A tattoo sleeve is a glorious work of art–and getting one says a lot about you. First, you place a high value on aesthetic; second, you're not afraid of commitment; and third, you probably have a high pain threshold. All of that, plus whatever message or story you're trying to convey through your body art—a sleeve is one of the ultimate forms of self-expression.
For the uninitiated, a tattoo sleeve is a large tattoo or a bunch of small tattoos that, when placed together, cover all or a large portion of the arm. Since sleeves are relatively difficult to hide, you need to be 100-percent sure about not just getting one, but also what the visuals contain. We tapped an industry expert to find out what you need to know before you decide to get fully inked. Keep scrolling to figure out if you should get a tattoo sleeve.
Placement and Size
Tattoo sleeves generally come in three sizes:
- Quarter sleeve: From the shoulder to the mid-upper arm
- Half sleeve: From the shoulder to the elbow
- Full sleeve: From the shoulder to the wrist
TKTKThere's also the Japanese-style hikae sleeve, which starts at the chest
Some people start with just a few random placed tattoos and bridge them together later with a more significant piece. If you're just starting your sleeve idea, it's the right time to consider the final project and scale.
Color or Black and Grey
Tattoo sleeves often look their best colorful. Whether you opt for traditional old school tattoos, mermaid or pin-up designs, or an armful of colorful flowers, adding vibrant details to your tattoo sleeves can really really make them pop. When you select your designs, analyze the colors as well. There's nothing worse than despising orange on your skin only to sport a huge Tiger Lily later. Often overlooked, this step is important so pay attention. Your artist isn't going to analyze or know these things about you so think about them first and speak up.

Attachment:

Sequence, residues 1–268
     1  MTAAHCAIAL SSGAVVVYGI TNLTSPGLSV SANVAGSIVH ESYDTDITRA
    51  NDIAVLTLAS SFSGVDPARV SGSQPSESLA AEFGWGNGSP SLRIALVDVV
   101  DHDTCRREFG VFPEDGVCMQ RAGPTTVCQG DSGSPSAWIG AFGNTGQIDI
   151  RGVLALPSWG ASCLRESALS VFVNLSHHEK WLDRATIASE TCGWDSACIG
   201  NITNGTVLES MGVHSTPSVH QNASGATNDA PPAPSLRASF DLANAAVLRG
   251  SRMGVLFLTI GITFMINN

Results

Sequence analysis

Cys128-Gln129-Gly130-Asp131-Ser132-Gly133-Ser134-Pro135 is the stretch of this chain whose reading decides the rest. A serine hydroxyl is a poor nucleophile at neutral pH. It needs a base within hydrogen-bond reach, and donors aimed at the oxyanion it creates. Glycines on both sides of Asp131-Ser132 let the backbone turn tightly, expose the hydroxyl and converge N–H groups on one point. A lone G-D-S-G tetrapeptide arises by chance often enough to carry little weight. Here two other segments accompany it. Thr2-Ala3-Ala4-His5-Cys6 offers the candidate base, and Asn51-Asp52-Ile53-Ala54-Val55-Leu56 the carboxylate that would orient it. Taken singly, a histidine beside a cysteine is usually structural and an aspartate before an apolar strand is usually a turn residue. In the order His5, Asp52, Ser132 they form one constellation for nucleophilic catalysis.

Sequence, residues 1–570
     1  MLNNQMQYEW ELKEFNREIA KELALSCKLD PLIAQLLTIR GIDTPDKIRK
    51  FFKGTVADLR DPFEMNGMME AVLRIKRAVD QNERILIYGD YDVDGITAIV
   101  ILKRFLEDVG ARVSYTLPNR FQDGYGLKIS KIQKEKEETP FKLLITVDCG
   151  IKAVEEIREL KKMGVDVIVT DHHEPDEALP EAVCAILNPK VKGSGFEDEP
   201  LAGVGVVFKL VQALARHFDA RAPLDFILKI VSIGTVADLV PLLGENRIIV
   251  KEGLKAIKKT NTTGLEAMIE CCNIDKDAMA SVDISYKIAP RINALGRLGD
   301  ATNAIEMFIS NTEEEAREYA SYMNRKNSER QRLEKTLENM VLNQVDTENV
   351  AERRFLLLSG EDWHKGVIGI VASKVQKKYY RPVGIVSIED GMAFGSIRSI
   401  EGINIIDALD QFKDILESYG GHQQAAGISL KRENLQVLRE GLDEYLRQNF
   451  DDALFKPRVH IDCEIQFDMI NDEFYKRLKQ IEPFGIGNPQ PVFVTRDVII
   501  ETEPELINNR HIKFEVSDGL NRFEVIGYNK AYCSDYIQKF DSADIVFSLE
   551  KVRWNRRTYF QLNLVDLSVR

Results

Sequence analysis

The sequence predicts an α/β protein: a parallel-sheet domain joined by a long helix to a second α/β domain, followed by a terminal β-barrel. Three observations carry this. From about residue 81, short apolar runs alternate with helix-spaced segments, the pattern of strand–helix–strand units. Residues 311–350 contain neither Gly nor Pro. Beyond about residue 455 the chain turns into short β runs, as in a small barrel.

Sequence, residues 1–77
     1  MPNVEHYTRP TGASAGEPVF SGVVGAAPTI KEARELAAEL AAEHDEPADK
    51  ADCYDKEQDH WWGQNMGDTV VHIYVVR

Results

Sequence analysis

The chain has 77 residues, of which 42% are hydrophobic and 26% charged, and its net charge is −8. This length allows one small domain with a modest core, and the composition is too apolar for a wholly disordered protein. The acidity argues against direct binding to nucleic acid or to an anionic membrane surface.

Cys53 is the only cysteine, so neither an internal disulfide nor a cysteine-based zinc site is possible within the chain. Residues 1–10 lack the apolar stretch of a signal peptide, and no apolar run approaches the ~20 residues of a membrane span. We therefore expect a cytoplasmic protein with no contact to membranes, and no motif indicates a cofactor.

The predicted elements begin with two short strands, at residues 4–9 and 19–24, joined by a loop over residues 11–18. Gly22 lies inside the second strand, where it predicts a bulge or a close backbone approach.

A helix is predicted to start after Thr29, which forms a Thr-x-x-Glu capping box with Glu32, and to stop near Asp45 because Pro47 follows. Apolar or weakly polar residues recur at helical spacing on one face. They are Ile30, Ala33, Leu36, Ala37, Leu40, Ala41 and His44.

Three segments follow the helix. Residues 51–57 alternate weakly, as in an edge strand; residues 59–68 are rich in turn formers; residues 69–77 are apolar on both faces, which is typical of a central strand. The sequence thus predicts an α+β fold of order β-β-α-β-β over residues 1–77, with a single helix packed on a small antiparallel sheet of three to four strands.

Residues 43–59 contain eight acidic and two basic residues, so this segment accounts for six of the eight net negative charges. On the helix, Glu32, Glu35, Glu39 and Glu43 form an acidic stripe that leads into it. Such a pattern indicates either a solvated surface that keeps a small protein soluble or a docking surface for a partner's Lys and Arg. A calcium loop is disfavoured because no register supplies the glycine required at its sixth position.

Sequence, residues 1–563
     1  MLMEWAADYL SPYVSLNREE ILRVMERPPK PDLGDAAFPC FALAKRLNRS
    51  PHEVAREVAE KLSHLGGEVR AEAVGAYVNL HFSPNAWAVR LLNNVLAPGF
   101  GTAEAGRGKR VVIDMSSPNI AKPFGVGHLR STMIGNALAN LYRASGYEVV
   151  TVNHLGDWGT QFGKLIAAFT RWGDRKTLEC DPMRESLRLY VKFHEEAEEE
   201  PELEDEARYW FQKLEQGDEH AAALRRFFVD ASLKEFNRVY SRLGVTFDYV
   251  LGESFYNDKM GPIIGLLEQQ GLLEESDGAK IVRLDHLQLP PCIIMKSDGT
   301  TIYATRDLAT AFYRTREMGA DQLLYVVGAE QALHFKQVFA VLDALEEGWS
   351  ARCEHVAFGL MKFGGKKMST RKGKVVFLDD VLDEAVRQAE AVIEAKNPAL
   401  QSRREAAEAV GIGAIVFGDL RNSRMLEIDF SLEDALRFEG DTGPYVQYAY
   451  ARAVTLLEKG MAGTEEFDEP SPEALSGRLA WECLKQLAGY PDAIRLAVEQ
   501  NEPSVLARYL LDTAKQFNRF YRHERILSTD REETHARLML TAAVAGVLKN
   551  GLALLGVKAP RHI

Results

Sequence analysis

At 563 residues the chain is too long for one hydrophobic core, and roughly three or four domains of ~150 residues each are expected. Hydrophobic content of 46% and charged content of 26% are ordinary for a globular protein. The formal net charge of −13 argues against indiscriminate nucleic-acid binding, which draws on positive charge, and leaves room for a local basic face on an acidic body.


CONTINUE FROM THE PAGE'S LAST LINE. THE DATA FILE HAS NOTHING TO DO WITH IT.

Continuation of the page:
Each military branch has its own restrictions pertaining to tattoos. As of April 2007, the United States Marines Corp. banned tattoo sleeves except for those already grandfathered in prior to the policy change. If you plan on enlisting you can forget tattoo sleeves for now. This consideration must also be made for employment. Potential employers may have regulations banning sleeve tattoos or any visible tattoos for that matter. If you must stay sheathed from shoulder to wrist, you'll be hot in the summer.
Many people start their tattoo sleeves without intent and that's just fine. If you take the organic approach and let one small tattoo turn into another and somehow tie it all together with a background of some sort later, you'll likely have an armful of meaningful body art. Others go full on with a sleeve from the get-go and that works too. Of course, with this approach, you'll be investing a larger sum of money upfront, and you'll need to dedicate the time in the chair to complete the work. Most likely you'll be going back to the same artist which means their schedule will need to be considered as well. If you have the time and the money to complete the job, get it done. Otherwise, start a slower and more balanced approach. Never compromise quality for quantity.
Down the Road
No one wants to be told how to feel about their tattoos ten, twenty, or fifty years down the road. The truth is you might hate your tattoos or you may love them. There's no way to tell if you'll have regrets. The best advice for tattoo sleeves is to stick with a theme and then invest time into your idea from start to finish. Consider your job, future, and your lifestyle. Avoid name tattoos when you can and, by all means, spend the time to find a few good artists to create a pleasing display.